Some key findings include:

View the Press Release

Download the Report


NYRL Report: Divergent Paths

Posted on April 7th, 2016

“Divergent Paths: The need for more uniform standards and practices in New York State’s residential foreclosure conference process” reveals wide variations in the implementation of foreclosure settlement conference rules.  The wide variations in implementation have the potential to leave tens of thousands of New Yorkers at heightened risk of losing their homes.  This report analyzes the practices and procedures of New York State’s pioneering court-mediated settlement conference program – a program designed to help New Yorkers save their homes from foreclosure – and reveals that a lack of strong statewide guidance has resulted in procedures that vary significantly based on where homeowners live.

Some of the key recommendations from the report include:

Download the Divergent Paths Report!


Turn up the Heat: It’s Time to Raise New York’s Shelter and Fuel Allowances

Posted on December 2nd, 2015

Turn up the Heat: It’s Time to Raise New York’s Shelter and Fuel Allowances illustrates how the public assistance shelter and fuel allowances are so far out of step with the actual costs of housing and heating, they are pushing many financially fragile New Yorkers out of homes and into homelessness.

Consider this: According to HUD, New York had the biggest increase in homelessness of any state between 2013 and 2014, and the NYS Education Department reports that the number of homeless children between 2009 and 2014 increased by more than a third.

Consider this: New York’s fuel allowance has not been increased in 28 years.  And in Albany County, the shelter allowance for a one bedroom apartment is $309, less than 40% of the HUD Fair Market Rent for the Region.

The numbers simply don’t add up to allow for safe, stable, warm housing – essentials of life for everyone, but particularly for children. New York has a golden opportunity to help stabilize families in their homes by making modest increases in the shelter and heating allowances. These investments will help avoid the much costlier expense of emergency shelter stays and the negative impact on children’s well-being and educational attainment that is a proven result of homelessness.

Read the report

View the press release 

Check out the fact sheet 

 

Media:

Empire Justice Center: Housing and heating allowances aren’t adequate” – Times Union, December 2, 2015

Study: Heating, Shelter Assistance Not Enough, Leads to Homelessness” – Public News Service, January 20, 2016


The Lingering Storm: Mortgage Lending Disparities on Long Island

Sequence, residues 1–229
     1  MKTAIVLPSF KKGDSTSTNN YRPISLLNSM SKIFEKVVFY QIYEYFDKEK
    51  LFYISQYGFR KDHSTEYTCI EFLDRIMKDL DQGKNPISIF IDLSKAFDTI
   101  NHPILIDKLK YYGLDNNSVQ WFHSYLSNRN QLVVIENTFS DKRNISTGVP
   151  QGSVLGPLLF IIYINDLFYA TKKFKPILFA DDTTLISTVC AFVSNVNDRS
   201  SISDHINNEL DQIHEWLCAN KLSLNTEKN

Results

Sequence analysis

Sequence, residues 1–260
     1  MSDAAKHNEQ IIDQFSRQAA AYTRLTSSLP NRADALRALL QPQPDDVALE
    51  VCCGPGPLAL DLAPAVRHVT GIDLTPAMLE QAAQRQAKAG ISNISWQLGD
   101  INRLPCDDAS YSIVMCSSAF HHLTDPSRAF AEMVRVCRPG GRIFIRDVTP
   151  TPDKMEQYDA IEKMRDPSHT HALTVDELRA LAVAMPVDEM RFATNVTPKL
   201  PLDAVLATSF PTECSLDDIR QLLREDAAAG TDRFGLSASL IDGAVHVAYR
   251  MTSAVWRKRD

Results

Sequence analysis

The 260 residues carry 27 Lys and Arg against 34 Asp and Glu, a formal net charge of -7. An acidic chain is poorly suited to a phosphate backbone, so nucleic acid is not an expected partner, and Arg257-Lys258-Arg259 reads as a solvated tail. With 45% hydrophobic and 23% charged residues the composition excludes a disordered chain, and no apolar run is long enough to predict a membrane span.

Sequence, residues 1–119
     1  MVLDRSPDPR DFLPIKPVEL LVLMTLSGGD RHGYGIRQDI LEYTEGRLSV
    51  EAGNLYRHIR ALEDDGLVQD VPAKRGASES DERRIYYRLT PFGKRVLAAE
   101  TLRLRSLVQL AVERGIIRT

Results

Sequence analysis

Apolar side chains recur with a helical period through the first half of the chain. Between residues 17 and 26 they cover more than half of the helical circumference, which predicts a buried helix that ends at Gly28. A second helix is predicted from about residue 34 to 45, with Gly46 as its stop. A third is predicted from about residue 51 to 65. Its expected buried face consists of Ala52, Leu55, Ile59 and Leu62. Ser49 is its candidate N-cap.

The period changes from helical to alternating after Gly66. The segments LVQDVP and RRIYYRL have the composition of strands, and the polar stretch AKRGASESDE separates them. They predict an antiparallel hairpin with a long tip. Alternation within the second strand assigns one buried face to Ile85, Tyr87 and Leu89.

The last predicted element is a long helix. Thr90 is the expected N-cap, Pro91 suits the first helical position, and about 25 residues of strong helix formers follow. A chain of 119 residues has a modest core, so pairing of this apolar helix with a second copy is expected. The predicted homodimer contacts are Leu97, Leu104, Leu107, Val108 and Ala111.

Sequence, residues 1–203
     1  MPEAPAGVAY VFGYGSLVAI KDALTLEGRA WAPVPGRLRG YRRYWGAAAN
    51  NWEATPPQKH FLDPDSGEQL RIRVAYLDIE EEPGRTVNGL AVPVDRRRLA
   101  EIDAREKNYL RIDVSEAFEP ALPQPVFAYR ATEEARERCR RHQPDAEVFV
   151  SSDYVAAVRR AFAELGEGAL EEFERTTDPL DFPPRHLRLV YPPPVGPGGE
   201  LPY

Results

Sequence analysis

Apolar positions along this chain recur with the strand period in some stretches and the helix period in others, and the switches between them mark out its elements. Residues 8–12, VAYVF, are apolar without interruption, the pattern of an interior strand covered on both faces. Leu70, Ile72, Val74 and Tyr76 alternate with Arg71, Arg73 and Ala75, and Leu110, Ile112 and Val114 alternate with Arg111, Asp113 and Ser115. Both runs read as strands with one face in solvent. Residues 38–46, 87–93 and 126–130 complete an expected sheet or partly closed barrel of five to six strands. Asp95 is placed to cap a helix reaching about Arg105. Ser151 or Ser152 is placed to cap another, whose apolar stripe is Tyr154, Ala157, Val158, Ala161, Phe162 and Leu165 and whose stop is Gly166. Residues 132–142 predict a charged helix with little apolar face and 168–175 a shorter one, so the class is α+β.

Posted on September 18th, 2015

The Lingering Storm: Mortgage Lending Disparities on Long Island examines mortgage lending, denial rates and denial disparities in 2013 to evaluate the recovery of Long Island communities in terms of access to mortgage credit and the greater American Dream. In an effort to combat our nation’s discriminatory housing policies, we offer several recommendations for policy makers at all levels of government.

Empire Justice Center’s newest report, “The Lingering Storm: Mortgage Lending Disparities on Long Island,” is a snapshot of mortgage lending in 2013, exploring the recovery of Long Island communities and their access to mortgage credit and, by extension, access to the American Dream of homeownership.

Some of the report’s specific recommendations include:

Download the report

View the press release

Read our local, state, and federal recommendations based on the analysis in the report

CLICK HERE to read The New York Times article on the National Fair Housing Alliance’s investigations into housing discrimination entitled “How Segregation Destroys Black Wealth.”

Media: “Counseling, new rules could widen home ownership, study says” (Newsday, 9/18/2015)

Media: “Report: Bank policies worsen foreclosure crisis in areas” (News 12 Long Island, 9/18/2015)

 

Related Coverage

Affording the American dream of homeownership (Democrat & Chronicle)

Income doesn’t have to stop home buy
 (Democrat & Chronicle)

 


New York’s Exchange Portal: A Gateway to Coverage for Immigrants

Posted on September 4th, 2015

Health Insurance Exchanges have the potential to eliminate many existing barriers to health insurance coverage for low-income workers facing reductions in salaries and benefits.  Immigrant families, whose incomes tend to be lower to begin with, have been particularly hard hit by escalating health care costs. National figures from 2010 indicate that 75% of workers in noncitizen families were in traditional blue collar jobs, as compared to 60% of workers from citizen families. The average median annual income for noncitizens was $25,000, roughly half the amount for citizen households. In New York, home to 4.3 million immigrants, noncitizens are over three times as likely as citizens to lack health insurance.

This newest update clarifies that noncitizens are considered PRUCOL for Medicaid purposes if they have evidence that the immigration services have affirmatively decided not to pursue their  deportation, for example, if they present a court order showing that removal proceedings against them have been terminated.

Supporting Documents